When it comes to salmon recovery, removing dams grabs the headlines, and when it comes to forest health, wildfire and thinning projects are in the spotlight. But there is an intersection between these issues that’s equally important, if not yet considered front-page news: reclaiming unneeded forest roads. The Forest Service is likely the largest road management entity in the world, responsible for more than 372,000 miles of forest roads – enough to take you to the moon and more than halfway back again.
Decaying, unmanaged, under-maintained roads are a top threat to endangered salmon and to clean drinking water. National Forests provide the primary drinking water supply for 123 million Americans in nearly a thousand communities. Too many roads, especially undermaintained roads, results in too much stream sedimentation. Reclaiming unneeded roads is often cheaper than upgrading water filtration systems.
Roads aren’t just damaging to clean water, they are also a primary cause of habitat fragmentation, chopping core habitats for grizzly bears, elk, wolves and other species into smaller and smaller chunks. Along with the roads come weeds, pests and pathogens, as well as more and more people. Every road we build into the backcountry takes away the quiet, wild places that are so critical to wildlife and humans alike. Road reclamation on the other hand, is the first step towards rewilding these damaged landscapes.
But things are improving. In 2008 a severe and extraordinarily damaging storm system hit the Pacific Northwest, blowing out hundreds of forest roads, and dumping tons and tons of sediment into salmon streams and into municipal water supplies. In response to strong advocacy from Wildlands CPR (which merged with and became part of WildEarth Guardians in 2013) and the Washington Watershed Restoration Initiative, Congress created and funded a new Forest Service Legacy Roads and Trails Remediation Program to try to prevent such storm-related road failures in the future. The Forest Service received $40 million in funding during that first year, with the money dedicated to addressing road-caused stream sedimentation. In the eight years since, they’ve received nearly $390 million total.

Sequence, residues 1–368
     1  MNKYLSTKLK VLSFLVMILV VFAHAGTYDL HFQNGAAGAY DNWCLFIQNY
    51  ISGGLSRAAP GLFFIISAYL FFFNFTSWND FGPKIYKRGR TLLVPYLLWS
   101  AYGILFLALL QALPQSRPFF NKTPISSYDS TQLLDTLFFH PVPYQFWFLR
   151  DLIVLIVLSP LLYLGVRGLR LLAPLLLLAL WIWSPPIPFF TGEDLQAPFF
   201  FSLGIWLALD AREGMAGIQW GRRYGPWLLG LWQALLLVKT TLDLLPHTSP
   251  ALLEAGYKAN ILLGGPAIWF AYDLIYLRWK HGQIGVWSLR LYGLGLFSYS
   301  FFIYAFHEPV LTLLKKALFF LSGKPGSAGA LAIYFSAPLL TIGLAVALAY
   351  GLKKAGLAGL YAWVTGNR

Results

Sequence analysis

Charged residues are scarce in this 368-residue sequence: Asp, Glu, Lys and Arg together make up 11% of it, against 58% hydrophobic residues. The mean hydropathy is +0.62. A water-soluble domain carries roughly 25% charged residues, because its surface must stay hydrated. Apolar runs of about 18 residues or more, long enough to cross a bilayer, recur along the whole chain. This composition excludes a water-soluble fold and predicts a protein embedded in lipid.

Though funding has varied from year to year, the program has made enormous strides, as outlined in our 2013 report, “Restoration in Action: The First Five Years of the Legacy Roads and Trails Program.” From its inception in 2008 through 2014, Congress appropriated $350 million to Legacy Roads and Trails. With these funds, the Forest Service has:
- Decommissioned 5,992 miles of unneeded roads to reconnect habitat and greatly reduce the delivery of sediment to streams;
- Maintained and/or storm-proofed 15,463 miles of needed roads to increase their ability to stand-up during powerful storms and ensure safe access;
- Restored fish passage at 965 sites to provide fish and other aquatic species access to more than 1,000 miles of upstream habitat;
- Constructed or reconstructed 136 bridges for safety;
- Upgraded or fixed 4,091 miles of trails to guarantee recreationists can use the areas they love;
- Created or maintained an average of 800-1,200 jobs annually; and
- Reduced annual road maintenance costs by approximately $3.5 million per year.
Legacy Roads and Trails is a highly effective program, but it is also one that is constantly on the chopping block because it costs money. WildEarth Guardians now leads the national advocacy for Legacy Roads and Trails. To learn more about the program, and how it’s helped in your region, check out the full Legacy Roads and Trails Five Year report or click on some of the other links below.
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